Heme Oxygenase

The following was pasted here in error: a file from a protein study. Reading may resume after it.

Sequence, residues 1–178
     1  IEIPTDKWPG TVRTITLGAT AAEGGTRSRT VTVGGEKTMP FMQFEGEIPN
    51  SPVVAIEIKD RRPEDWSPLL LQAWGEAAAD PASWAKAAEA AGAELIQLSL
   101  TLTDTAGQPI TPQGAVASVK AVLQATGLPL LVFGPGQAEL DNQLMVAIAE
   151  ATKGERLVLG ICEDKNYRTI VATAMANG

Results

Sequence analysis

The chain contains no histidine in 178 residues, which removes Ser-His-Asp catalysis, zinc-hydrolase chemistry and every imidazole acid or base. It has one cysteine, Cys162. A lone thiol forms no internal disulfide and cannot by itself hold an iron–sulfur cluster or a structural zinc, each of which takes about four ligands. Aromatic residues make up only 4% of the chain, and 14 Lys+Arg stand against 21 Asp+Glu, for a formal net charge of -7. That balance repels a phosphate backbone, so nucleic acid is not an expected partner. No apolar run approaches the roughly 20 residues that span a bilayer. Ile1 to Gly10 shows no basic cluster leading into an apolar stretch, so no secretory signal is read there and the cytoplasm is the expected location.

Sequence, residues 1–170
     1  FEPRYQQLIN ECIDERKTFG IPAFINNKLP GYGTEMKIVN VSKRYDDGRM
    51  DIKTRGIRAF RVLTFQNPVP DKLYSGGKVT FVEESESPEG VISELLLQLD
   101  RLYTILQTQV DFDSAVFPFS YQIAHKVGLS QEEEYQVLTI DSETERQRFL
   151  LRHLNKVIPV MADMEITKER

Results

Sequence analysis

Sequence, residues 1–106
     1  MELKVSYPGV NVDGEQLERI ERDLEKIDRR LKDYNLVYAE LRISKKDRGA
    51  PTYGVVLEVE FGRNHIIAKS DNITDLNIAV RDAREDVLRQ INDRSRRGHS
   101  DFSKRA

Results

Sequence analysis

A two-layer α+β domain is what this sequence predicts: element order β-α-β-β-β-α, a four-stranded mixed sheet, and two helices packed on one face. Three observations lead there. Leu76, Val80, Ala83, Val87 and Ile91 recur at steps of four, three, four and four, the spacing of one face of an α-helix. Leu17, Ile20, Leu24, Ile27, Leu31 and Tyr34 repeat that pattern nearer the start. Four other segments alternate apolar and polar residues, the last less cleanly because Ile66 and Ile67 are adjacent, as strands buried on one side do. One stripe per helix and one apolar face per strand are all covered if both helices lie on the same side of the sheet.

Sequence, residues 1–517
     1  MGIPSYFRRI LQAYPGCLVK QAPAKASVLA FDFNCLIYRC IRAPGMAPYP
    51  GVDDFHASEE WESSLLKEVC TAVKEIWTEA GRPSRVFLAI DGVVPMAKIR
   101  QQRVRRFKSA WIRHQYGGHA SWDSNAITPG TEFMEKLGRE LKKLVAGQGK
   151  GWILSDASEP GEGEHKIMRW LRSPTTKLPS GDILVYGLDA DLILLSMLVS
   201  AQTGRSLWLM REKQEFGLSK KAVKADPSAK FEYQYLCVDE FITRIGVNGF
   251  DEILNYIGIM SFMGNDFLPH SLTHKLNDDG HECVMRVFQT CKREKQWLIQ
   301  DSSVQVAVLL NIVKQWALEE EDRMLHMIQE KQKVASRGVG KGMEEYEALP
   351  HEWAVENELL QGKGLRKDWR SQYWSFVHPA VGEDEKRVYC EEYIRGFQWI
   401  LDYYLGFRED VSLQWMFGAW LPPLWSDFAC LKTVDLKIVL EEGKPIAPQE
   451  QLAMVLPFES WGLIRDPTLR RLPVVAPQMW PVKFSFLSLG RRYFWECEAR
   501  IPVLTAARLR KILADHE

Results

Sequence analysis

Until 1997, two HO isoforms were described: an inducible isoform, HO-1 and a constitutive isoform HO-2. These isoforms are the products of different genes and share only 43% homology. A 24-amino-acid segment, which forms a hydrophobic pocket within the tertiary structure of the protein, is common to both the isoforms and is considered the active center of the enzyme (67). Metalloporphyrins such as Zn-protoporphyrin-IX and Sn-protoporphyrin-IX (Zn-PP-IX and Sn-PP-IX, respectively) bind to the hydrophobic pocket of HO but do not catalyze hydrolysis (or they do so at a much lower rate than heme), thereby inhibiting HO activity (68,69). In fact, Zn-PP-IX may be considered as an endogenous inhibitor, since it is synthesized instead of heme in the case of iron deficiency (14). Apart from the identity between the active centers of the enzyme, HO-1 and HO-2 broadly differ in cell and tissue regulation, and distribution.